Holi 2019: what is the festival of colours and why is it celebrated?
Holi festival is a spectacularly beautiful and colourful event, as well as a great excuse to get extremely messy.
But what is it and why do people celebrate it?
It’s a two-day Hindu festival that originates in India. On the first day, people will gather around a bonfire and celebrate good triumphing over evil. But it’s the second day that most people will recognise - that’s when perfumed powder called gulal is pelted at everyone and made to stick with water pistols and balloons.
There are lots of Hindu legends that are believed to contribute to the meaning of the festival, but there are two in particular that are thought to be the most popular - each one celebrated over the two day period.
Holika and Hiranyakashipu
On the first evening of Holi, rituals and celebrations take place around a bonfire. The legend that some believe inspires this tradition centres around two demon siblings, Holika and Hiranyakashipu.
Hiranyakashipu was a demon King and had been granted immortality… sort of. What he had actually been given were five special powers which meant he could not be killed under certain circumstances. Specifically, he could not be killed:
- by animals or humans
- indoors or outdoors
- during the day or night
- on land, air or water
- by projectiles or with handheld weapons.
So, he was practically invincible. His vast power led him to believe he was a God and he forced his subjects to worship him. If they did not, they were brutally punished or killed.
Despite this, Hiranyakashipu’s son Prahlad continued to worship the Hindu god Vishnu instead of his father. The demon King, not wanting to give his son special treatment, concocted a plan to kill his son.
Hiranyakashipu roped his sister Holika into the plan. She had a special cloak that protected her from fire, so she took Prahlad into a bonfire under the cloak, with the intention of taking it away, and therefore killing him, once inside. However, the cloak flew off Holika and covered Prahlad instead, protecting him and killing her.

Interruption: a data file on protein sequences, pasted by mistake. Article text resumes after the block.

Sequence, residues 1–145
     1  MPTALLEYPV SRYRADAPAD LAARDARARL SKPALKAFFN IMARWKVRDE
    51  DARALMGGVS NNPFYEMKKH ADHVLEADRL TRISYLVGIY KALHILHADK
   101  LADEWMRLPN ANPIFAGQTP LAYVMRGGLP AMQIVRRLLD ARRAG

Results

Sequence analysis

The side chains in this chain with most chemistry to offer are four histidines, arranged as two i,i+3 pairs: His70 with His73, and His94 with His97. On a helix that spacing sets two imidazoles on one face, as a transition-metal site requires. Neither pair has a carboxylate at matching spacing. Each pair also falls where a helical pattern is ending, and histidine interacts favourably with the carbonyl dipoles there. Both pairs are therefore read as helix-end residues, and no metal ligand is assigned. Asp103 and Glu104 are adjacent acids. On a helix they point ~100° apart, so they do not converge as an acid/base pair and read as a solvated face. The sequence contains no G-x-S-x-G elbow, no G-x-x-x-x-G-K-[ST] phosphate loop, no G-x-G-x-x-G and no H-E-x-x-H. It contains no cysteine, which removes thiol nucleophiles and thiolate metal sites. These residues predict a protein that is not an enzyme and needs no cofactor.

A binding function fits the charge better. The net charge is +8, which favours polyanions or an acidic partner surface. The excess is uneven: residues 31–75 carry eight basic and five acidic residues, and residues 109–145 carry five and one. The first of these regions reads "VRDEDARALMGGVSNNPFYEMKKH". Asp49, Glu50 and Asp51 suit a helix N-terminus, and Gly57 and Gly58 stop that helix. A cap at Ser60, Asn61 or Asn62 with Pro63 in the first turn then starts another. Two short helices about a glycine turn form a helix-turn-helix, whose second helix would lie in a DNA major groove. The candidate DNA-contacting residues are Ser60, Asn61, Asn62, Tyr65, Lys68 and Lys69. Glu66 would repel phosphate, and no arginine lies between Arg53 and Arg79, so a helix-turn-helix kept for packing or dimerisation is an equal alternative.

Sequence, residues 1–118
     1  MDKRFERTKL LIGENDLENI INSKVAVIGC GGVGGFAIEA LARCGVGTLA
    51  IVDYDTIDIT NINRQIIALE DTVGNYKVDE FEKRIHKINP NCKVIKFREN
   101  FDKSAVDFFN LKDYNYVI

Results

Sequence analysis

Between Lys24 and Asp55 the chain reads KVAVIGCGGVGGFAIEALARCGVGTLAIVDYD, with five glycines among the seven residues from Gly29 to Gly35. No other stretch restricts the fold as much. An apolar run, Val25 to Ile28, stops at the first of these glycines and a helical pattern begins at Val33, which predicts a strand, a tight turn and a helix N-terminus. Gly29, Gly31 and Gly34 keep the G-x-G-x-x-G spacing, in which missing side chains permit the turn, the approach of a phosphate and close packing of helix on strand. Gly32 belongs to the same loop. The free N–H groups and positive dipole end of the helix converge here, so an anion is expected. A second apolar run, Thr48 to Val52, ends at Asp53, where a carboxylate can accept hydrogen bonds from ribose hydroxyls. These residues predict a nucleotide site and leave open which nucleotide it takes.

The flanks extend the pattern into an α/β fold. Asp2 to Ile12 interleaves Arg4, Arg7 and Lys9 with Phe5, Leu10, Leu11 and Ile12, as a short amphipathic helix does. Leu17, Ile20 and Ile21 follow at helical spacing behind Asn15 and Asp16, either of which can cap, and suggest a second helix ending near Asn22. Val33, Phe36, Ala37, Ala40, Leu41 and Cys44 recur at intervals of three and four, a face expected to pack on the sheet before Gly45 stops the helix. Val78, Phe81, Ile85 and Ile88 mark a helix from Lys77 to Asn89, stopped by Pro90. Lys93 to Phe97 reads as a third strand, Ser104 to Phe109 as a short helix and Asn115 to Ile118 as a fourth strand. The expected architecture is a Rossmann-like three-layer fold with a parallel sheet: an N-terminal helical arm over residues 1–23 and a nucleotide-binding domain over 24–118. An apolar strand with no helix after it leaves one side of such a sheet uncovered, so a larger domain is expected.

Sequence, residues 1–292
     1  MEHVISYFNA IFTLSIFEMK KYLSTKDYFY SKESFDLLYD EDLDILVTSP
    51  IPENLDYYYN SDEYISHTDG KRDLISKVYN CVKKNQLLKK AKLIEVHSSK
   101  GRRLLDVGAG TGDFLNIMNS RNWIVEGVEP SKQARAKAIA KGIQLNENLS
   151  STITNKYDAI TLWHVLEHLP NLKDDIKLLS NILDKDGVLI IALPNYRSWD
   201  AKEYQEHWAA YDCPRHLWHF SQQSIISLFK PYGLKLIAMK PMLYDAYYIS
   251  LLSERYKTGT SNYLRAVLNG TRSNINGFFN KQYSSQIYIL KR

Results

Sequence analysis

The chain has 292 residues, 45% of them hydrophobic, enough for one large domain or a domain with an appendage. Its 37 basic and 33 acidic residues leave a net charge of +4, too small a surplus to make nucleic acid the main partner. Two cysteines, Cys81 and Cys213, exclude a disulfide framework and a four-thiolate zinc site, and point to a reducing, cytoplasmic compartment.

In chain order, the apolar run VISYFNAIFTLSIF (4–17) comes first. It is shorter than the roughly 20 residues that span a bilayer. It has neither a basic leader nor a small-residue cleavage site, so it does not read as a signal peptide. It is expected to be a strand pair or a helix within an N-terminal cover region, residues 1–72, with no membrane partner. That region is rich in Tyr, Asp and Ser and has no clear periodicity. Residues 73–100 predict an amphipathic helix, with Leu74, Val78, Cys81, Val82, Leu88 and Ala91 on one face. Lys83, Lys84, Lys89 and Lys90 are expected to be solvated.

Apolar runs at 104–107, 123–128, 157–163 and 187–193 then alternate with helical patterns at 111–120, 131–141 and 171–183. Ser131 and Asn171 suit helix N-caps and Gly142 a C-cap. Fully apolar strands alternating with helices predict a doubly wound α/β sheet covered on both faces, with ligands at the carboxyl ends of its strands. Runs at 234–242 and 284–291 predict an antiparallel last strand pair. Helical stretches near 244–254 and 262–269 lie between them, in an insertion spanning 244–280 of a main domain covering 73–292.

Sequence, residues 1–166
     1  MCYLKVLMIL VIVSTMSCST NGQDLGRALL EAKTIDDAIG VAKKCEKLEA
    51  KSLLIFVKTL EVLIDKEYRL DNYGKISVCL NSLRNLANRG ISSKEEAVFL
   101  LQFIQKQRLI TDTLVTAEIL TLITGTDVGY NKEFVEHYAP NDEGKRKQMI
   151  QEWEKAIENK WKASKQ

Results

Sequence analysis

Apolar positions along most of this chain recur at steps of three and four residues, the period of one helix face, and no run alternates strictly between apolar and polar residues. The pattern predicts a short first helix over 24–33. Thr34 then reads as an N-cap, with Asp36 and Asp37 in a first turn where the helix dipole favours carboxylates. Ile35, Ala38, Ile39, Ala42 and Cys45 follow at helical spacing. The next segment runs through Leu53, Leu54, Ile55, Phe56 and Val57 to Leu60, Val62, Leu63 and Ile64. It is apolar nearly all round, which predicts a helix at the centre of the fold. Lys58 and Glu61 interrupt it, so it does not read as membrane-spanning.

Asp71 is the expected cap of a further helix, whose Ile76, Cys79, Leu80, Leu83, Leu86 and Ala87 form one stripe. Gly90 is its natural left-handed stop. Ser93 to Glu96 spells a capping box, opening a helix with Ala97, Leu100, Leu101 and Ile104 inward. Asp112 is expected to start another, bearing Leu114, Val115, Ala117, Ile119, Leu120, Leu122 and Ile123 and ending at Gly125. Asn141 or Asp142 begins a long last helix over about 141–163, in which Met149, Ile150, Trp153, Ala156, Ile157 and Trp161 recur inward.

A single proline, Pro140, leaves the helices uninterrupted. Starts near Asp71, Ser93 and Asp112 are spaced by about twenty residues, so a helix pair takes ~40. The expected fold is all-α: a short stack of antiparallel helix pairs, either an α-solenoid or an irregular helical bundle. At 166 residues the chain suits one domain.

Meanwhile, Vishnu had seen all of this and decided it was time to get rid of the evil Hiranyakashipu once and for all.
He circumnavigated Hiranyakashipu’s five powers by:
- arriving in the form of half-lion, half-human (so not animal or human)
- arriving at dusk (not day or night)
- appearing on a doorstep (not outdoors or indoors)
- placing Hiranyakashipu on his lap (which isn’t land, water or air)
- and killing Hiranyakashipu with his claws (which aren’t projectiles or a hand-held weapon)
The Holi festival is thought to take its name from the demon sister Holika. It’s also why the first evening of the festival takes place around a bonfire - it is a celebration of good over evil, light over darkness.
But it still doesn’t explain the why people willingly get coated from head to toe in colourful powder on the second day of Holi. For that, we need to turn to another legend.
The legend of Krishna
The Hindu god Krishna was quite mischievous. He complained to his mother Yashoda that he didn’t like his dark blue skin and wanted to be fairer, like the love of his life Radha.
Yashoda, who adored her son, suggested he paint Radha’s face any colour he wanted, to make him feel better. So that’s exactly what Krishna did. Krishna and Radha were still madly in love after he did this, so Radha clearly didn’t mind Krishna’s little practical joke.
Some people believe this is why, during Holi, everyone pelts each other with the perfumed gulal powder. It could also be why one of the names of Holi is the ‘festival of love’, as it is in part celebrating the love between Krishna and Radha (as well as emulating his prank).
Gulal powder comes in many colours and some are thought to signify specific things:
- red = love
- blue = Krishna
- yellow = turmeric (a spice used in lots of Indian food)
- green = spring
And together, they create a glorious rainbow, in parks and public spaces across the globe.